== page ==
Season 4 of Netflix’s Love is Blind has brought us a new group of hopefuls searching for true love in all the wrong ways. As seen in previous seasons, friction happens with the pod members as they navigate finding, connecting, and keeping the individuals they believe to be their soulmates. As a licensed marriage and family therapist and follower of the series, the key issues I’m noticing this season that could make or break the couples revolve around poor communication skills.
Love is Blind removes the ability to see each other in order to limit physical distraction and promote connection through conversation. A consequence of that is it creates even more opportunities for miscommunication due to assumptions, erosion of trust because parties can’t see the other person’s facial expressions and body language, and heightened anxiety because they’re hyper-focused on tone.
This creates a big issue for Brett and Tiffany. There’s a moment between the two when Brett expresses deep feelings for Tiffany, and in the midst of that, she slowly starts falling asleep. Brett has no way of gauging what’s happening at the moment as he seeks a response. We see him go back to the pods, and while talking to Marshall, he registers that moment as rejection and quickly decides that he’s done. Even with the strength of Brett and Tiffany’s camaraderie, sexual connection, and friendship, this perceived rejection, which couldn’t be confirmed, only assumed, becomes an emotional hurdle the couple must now process. The emotional path he navigates before he talks to Tiffany again creates an opportunity for him to seriously break things off.
Obviously, as the viewer, we see what’s truly happening. Nevertheless, consider how more often than not, people who are dating or in committed relationships make assumptions about their partner and make finalized decisions before giving their partner a chance to clarify. Fortunately for Tiffany, after apologizing and giving Brett insight into what truly happened, they managed to move past it and would eventually become engaged.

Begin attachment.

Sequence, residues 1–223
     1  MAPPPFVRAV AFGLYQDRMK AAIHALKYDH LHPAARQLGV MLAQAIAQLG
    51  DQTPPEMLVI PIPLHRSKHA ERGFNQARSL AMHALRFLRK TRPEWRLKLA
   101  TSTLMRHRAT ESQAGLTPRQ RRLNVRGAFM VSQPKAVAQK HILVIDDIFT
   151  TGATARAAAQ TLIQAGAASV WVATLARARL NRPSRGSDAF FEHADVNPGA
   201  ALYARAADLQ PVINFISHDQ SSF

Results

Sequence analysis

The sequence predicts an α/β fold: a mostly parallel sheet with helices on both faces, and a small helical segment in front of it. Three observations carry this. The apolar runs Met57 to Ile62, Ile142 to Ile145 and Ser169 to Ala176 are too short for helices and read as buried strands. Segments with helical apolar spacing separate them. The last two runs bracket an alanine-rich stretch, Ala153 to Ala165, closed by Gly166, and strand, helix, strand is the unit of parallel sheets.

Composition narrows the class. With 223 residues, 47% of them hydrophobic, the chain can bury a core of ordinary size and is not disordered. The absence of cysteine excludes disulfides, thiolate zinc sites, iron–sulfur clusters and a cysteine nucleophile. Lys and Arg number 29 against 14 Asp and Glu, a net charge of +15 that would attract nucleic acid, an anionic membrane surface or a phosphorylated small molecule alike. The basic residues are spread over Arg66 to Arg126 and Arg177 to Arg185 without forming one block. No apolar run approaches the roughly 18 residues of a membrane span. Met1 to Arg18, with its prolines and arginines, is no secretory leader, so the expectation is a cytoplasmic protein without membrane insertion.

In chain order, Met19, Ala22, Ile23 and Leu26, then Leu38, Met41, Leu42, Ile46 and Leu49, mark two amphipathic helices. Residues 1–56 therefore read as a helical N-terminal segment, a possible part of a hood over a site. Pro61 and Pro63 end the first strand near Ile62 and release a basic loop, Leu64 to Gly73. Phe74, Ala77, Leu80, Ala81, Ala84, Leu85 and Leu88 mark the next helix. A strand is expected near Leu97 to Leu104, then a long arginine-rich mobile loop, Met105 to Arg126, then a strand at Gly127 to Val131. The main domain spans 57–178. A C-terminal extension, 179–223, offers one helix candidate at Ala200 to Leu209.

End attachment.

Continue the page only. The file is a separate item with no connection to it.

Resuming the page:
While they were able to move past that hurdle, others have been plagued by their issues with communication. This has been the case for the likes of Jackie and Marshall.
Their relationship highlights how a lack of conflict resolution skills can lead to emotional shutdowns, which ultimately deteriorates the building of trust and safety in a partnership. During their many arguments, there’s a question about Marshall’s manhood regarding sexual intimacy. In later episodes, it’s revealed during a conversation that Marshall has with Brett that Jackie prefers aggressive sexual behavior in the bedroom. Both Marshall and Jackie struggle to accept their differences when it comes to personal needs.
There is resistance to expanding their vision of the type of person they believed they would be partnered with. This creates an emotional tug of war between accepting who their partner is showing themselves to be and who they desire their partner to be. Instead of creating a safe space to talk and navigate these differences, each time they attempt to communicate, it escalates into a shouting match. Once the argument reaches its peak, one or both parties walks away and leaves the other person alone in the aftermath of the fight, which creates a cycle of emotional abandonment.
Overall, this season highlights how the couples are not equipped with the necessary tools to navigate their emotional disregulations and triggers brought on by their potential partners. If love is truly blind, do the lack of emotional intelligence tools and support make it even more difficult for healthy relationships to be formed? While the hopeless romantic in me hopes for multiple couples to make it beyond the altar, the steady decline of healthy emotional processing from this season’s pairs has me hesitant to make that bet.